My life, my job, my career:

The secret behind nurses

There are around 692,556 nurses on our NHS wards in the U.K. and nearly 52,000 in training. This may seem like a lot, however more nurses are leaving the profession rather than joining it. Between March 2016-17 the number of nurses in the U.K decreased by 1,783 to 690,773. It then deceased by a further 3,264 between April and May 2017. There are many reasons supporting this. Here I interview a U.K nurse (Sharon Brown) to find out why nurses are leaving in their thousands.

Interviewer: How long have you been a qualified NHS nurse?

Sharon: 6 years

Interviewer: What are the challenges of being an NHS nurse?

Sharon: I would say pay is a challenge as the government has cut back our pay several times. I would also say it being extremely busy is also a challenge as it means we don’t get to spend as much time as possible looking after our patients as there are so many patients relying on us within one day. It’s difficult as there is a lack of nurses and support in the NHS so we have to rush things in order to see every single patient and make sure they have their basic needs like medicine

Interviewer: What would you say are the benefits of being a NHS nurse?

Sharon: Caring and being able to meet the needs of the patients and being able to support them. I often dress wounds and I would say the best part of that is managing and looking after them. Looking back on the time from when it was raw to when is healed is especially rewarding as it makes you feel better that you have met the needs and made your patient happier.

Interviewer: Do you feel like being an NHS nurse is undermined?

Sharon: Yes, especially when it comes to pay and the government is always trying to cut back our pay. It makes me question them like do they not appreciate us? Do they think we don’t work properly?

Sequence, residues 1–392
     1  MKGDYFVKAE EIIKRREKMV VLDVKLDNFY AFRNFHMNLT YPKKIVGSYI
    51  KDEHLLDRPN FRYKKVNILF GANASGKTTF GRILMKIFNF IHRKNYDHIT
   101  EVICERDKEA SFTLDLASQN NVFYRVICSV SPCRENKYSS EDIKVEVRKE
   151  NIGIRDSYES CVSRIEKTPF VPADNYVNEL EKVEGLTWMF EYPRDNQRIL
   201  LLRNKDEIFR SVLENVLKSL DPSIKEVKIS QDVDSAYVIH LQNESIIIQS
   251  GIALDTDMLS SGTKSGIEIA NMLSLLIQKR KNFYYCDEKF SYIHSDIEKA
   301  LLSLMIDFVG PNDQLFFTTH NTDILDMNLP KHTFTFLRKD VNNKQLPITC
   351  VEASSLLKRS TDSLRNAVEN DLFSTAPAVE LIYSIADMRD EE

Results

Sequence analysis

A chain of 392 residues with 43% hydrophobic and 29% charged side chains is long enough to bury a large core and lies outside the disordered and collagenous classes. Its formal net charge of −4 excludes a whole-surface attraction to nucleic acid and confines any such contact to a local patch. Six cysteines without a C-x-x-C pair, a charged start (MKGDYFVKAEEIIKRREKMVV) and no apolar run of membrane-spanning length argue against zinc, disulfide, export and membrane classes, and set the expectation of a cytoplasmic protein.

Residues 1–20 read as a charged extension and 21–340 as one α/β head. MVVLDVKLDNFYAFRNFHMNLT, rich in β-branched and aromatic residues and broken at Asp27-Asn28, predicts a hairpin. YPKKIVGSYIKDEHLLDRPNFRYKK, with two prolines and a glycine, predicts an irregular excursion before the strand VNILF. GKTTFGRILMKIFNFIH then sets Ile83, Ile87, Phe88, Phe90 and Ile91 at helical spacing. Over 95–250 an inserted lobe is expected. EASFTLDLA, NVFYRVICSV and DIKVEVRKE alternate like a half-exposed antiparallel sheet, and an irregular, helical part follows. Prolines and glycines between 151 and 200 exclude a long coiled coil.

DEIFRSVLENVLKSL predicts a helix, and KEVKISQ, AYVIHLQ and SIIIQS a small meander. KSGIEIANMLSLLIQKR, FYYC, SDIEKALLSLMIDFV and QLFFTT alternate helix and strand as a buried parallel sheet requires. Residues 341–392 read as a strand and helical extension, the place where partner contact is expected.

Interviewer: Have you ever felt unappreciated?

Sharon: In terms of patients no, in terms of government yes. Like I’ve said nurses don’t get payed much due to the government cut backs so our pay doesn’t reflect the hard work we do. From patients whether or not they thank us you can see that they appreciate us as we help them with their basic needs.

Interviewer: How long have you been a private nurse?

Sharon: 3 years on and off

Interviewer: Comparing being an NHS nurse with a private nurse, what would you say the conditions are in both environments?

Sharon: In the NHS it’s very busy. They often have to cram lots of patients to one nurse. I’ve seen situations where nurses had to juggle 9 patients with lack of support. Also on top of that were given a lot of paperwork to do.  Which is difficult with lots of patients asking for attention and there’s not enough staff to meet all needs. In terms of private nursing, it’s less busy. I’ve had days where I’ve only had 3 patients which is easier to handle. I have been in a situation where I’ve had 8 patients but I had more help and provision.

Interviewer: Is pay more or less being a private nurse and how has it impacted your life?

Sharon: The pay varies. You can negotiate your pay in both environments. In the NHS they often give you a pay scale depending on what band you are e.g. a band 5 nurse would get between x and x amount. In private it’s more open. But really you need to learn how to negotiate. It’s impacted my life for the better. Because I get more money and spend more time with my patients.

Interviewer: Do you enjoy being a private nurse more?

Sharon: Yes because I get more pay and more time to spend with patients. And you get to know your patients better like I’ve had a patient who had owned a jewellery shop; you wouldn’t have known this in the NHS.

Interviewer: What advice would you give to an aspiring nurse?

Sharon: Only be a nurse if you really want to- Don’t just do it for the money.

So this interview gives an insight into some of the conditions faced by nurses and also explains some of the many reasons for the significant decrease in number of registered nurses over the years.